Characterization of mutant enzymes

The activity and stability of each of the three constructed double mutant enzymes were then analyzed. All three mutant enzymes showed slightly higher thermal stability than wild-type PQQGDH-B upon incubation for 10 min at various temperatures (Fig. 3). The temperatures resulting in lose of half of the initial activity were shifted by approximately 3°C higher in the mutants compared to the wild type (Table 1). As the time course of thermal inactivation at 55°C follows first-order kinetics (Fig. 4), half-lives were calculated using logarithmic regression of residual activity. The wild-type enzyme inactivates at 55°C with a half-life of 9.5 ± 1.4 min, while all three double mutants showed greater thermal stability, with half-lives of 5–6°C greater (Table 1).
Figure 3
Figure 3

Thermal stability of wild-type and mutant PQQGDH-Bs. Residual activity was measured at 25°C after 10-min incubations at different temperatures of the following protein samples (0.075 μg/mL): Wild-type , Asn340Phe/Tyr418Phe □, Asn340Phe/Tyr418Ile , and Thr416Val/Thr417Val .

Table 1

Kinetic parameters and thermal stability of PQQGDH-Bs.


V max(U/mg)

K m(mM)


t1/2 (min)b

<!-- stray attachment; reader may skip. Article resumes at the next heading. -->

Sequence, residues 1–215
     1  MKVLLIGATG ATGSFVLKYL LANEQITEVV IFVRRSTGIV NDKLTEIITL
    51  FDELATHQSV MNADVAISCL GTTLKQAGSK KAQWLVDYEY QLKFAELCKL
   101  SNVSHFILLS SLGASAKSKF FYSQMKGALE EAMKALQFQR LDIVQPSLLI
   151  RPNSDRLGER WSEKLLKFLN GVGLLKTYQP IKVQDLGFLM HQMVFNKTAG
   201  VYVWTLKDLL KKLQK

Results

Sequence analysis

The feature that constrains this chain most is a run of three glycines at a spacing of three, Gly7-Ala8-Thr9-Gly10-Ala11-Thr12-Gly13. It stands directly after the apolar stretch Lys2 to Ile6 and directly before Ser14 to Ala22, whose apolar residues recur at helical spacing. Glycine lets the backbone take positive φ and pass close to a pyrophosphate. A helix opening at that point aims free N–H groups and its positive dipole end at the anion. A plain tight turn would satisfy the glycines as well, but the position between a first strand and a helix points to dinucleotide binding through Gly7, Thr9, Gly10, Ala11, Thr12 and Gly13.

Wild type



53.9 ± 0.9

9.5 ± 1.4




57.7 ± 0.4

14.9 ± 1.1




57.5 ± 0.3

15.5 ± 1.5




56.5 ± 0.9

14.8 ± 1.4

a Th represents the temperature at which half the initial activity is lost in 10 min.

b t1/2 represents the half-life at 55°C.

Figure 4
Figure 4

Time course of thermal inactivation of wild-type and mutant PQQGDH-Bs. Protein samples (0.075 μg/mL) were incubated at 55°C and aliquots were taken at different times to measure residual activity. The analyzed samples contained the following PQQGDH-Bs: Wild-type , Asn340Phe/Tyr418Phe □, Asn340Phe/Tyr418Ile , Thr416Val/Thr417Val .

Investigation of the kinetic parameters of the wild-type and mutant enzymes shows that the mutations did not significantly affect the overall kinetic properties of PQQGDH-B (Table 1). The specific activities of Asn340Phe/Tyr418Phe (3100 U/mg), Asn340Phe/Tyr418Ile (2500 U/mg), and Thr416Val/Thr417Val (2800 U/mg) were close to that of the wild-type enzyme (3030 U/mg). Except for Thr416Val/Thr417Val, which had a Km value of 16 mM, the mutants had Km values identical to 20 mM Km value of the wild-type enzyme.